I attended a meeting of the Henry Jackson Initiative for Inclusive Capitalism last Thursday at Bloomberg. Among the participants were Larry Summers, former Secretary of the Treasury, Dominic Barton, managing partner of McKinsey, John Peace, chairman of Standard Chartered Bank, Laura Tyson, former head of the Council of Economic Advisers and Joe Schoendorf, senior partner at Accel, the venture capital firm. Given the focus on job creation and fairness in the U.S. election, it is entirely proper for a business community, scarred by the events of 2008, to reconsider its role as wealth creator and contributor to society.
Among the important points made at the meeting:
A) Three Pathways—The Jackson Group proposed that business focus on the skills gap, committing to internships, apprenticeships and adoption of schools. The Time Warner Cable CEO Glenn Britt talked about his company’s “Connect a Million Minds” campaign that works on the demand side of Science, Technology, Engineering and Math (STEM), to get kids interested in science. One example is the Robotics Competition for high schools, where a team gets a box of parts and must build a robot. The second pathway is nurturing start-ups and small businesses, in particular by offering access to the supply chain of large companies. The third pathway is a reform of incentives so that short-term performance is supplanted by long-term shareholder value.
B) Support Government in Its Essential Functions—Larry Summers said that business should invest its “influence capital” in issues that are of national concern, not just of parochial interest. “You should support government in its essential functions. When you come to Washington, be prepared to give something and not demand everything.” He was critical of tax avoidance by corporations and its push for “non-regulation.”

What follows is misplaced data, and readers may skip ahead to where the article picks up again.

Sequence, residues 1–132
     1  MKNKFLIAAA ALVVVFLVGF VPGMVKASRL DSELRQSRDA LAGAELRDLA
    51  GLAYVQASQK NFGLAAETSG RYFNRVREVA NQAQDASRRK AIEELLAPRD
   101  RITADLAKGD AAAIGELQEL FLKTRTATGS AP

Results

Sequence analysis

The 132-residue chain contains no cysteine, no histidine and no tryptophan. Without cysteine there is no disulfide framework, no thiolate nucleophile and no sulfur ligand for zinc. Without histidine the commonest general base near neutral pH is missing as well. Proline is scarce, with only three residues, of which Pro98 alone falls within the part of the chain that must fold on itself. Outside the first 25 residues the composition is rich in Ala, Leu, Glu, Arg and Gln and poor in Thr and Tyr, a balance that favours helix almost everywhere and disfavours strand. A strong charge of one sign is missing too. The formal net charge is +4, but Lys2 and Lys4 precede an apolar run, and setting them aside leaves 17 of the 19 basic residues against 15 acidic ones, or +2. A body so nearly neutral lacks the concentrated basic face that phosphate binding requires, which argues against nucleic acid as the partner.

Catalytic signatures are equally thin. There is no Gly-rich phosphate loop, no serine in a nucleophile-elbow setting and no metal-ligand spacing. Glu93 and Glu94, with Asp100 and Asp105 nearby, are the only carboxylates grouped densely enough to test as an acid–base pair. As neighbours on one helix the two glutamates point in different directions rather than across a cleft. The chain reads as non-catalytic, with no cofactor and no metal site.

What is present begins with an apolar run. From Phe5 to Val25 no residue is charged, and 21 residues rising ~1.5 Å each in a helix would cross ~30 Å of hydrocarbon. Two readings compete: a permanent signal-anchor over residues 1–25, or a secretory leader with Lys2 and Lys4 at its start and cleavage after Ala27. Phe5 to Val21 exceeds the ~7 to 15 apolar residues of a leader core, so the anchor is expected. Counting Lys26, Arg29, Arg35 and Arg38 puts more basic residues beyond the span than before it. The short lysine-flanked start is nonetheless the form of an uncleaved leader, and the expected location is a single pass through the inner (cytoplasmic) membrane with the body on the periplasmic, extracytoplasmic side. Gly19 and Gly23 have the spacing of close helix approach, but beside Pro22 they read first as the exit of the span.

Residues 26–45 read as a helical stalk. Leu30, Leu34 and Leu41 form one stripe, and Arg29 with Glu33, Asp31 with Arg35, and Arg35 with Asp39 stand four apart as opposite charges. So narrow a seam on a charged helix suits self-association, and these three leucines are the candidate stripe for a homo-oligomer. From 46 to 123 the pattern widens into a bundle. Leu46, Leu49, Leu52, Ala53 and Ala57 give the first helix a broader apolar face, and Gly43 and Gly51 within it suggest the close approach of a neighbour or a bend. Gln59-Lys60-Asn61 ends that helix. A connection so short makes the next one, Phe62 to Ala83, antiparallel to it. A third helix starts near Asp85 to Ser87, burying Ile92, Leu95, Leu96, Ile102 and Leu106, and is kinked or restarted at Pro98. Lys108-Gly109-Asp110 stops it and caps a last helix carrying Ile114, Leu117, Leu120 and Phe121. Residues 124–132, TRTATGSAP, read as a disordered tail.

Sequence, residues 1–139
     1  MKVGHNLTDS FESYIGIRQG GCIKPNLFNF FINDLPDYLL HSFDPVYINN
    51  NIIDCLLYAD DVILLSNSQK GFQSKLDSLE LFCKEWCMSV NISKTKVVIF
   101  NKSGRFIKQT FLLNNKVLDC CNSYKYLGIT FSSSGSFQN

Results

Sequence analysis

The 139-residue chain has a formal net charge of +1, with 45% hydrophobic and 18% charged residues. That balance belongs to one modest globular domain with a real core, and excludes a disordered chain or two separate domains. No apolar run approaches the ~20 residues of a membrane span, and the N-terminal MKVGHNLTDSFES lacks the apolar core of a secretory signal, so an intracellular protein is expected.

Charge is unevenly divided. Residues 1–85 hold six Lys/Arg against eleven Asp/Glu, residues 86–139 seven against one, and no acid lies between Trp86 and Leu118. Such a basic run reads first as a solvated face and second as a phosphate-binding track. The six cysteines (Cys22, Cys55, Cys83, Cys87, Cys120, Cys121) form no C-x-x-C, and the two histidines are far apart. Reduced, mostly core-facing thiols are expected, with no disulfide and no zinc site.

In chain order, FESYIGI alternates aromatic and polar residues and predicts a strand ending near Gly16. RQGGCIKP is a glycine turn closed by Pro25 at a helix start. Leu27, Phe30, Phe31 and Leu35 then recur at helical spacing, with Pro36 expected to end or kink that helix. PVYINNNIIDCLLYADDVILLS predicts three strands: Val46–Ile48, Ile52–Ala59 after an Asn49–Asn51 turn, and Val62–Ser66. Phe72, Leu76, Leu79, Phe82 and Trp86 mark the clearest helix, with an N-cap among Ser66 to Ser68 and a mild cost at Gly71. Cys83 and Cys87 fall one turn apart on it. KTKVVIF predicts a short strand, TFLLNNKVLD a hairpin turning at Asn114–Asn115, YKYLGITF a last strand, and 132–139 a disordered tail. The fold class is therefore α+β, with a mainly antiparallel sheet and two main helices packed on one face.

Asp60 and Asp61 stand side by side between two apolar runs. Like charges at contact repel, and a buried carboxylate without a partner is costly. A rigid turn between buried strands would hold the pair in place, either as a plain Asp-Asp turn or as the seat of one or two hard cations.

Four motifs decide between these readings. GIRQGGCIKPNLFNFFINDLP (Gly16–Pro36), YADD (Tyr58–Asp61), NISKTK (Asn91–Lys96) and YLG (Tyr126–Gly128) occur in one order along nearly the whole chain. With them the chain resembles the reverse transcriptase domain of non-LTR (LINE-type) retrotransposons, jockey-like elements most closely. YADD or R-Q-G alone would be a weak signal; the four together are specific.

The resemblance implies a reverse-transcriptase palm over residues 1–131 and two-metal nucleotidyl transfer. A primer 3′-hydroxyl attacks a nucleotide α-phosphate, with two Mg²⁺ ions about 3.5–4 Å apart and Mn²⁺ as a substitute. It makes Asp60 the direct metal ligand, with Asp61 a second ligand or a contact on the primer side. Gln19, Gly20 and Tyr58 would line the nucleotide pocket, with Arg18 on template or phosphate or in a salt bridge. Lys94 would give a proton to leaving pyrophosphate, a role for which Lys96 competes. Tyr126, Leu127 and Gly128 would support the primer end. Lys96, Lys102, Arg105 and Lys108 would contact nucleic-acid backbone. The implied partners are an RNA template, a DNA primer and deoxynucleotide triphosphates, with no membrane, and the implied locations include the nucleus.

C) Edison as Important as Einstein—Summers made an excellent point on invention and application being as important as theory. He argued that the growing disparity between rich and poor is partly a function of discontinuous change led by entrepreneurs such as Steve Jobs, who said, “If you want to predict the future, go out and invent it.”
D) Business More Flexible Than Government—John Peace said, “I am unashamedly a capitalist. When things go wrong, it is a lot easier to fix a problem.”
E) Business to Set Specific Goals for Education—Laura Tyson said that the U.S. needs 10,000 more engineers to graduate each year. “Business has to help fix the skills gap.” One good example of this type of program is GE’s* “Get Skills to Work” program with the Manufacturing Institute, Alcoa, Boeing and Lockheed Martin, aimed at getting 15,000 veterans with military experience to corresponding advanced manufacturing opportunities.
F) Business Ethics Need a Near Revolution—There is nothing wrong with paying bonuses for outstanding performance, said Peace. “But you must provide incentive to behave the right way.” The Jackson Group wrote, “The regrettable behavior in the recent crisis was mostly unethical rather than illegal. Only if people become more aware of the moral dimension and bring them into business decisions will we avoid a repetition of the problems we have suffered.”
I am persuaded by the Jackson Group’s central thesis that “business needs to take the lead in the areas that need the most improvement.” I take note of the disparity in the views expressed by Harvard Business School graduates and the general populace on the direction of the U.S. in key areas such as entrepreneurship and capital markets, with the public substantially more skeptical than the elites. This gulf in attitudes makes policy change more difficult and prone to politicization. It is in business’ interest to spend the time and money to educate voters on issues such as free trade, and to be willing to do the same within their own companies. This must be done in the context of inclusion and responsibility so that the benefits flow to all stakeholders, not just shareholders.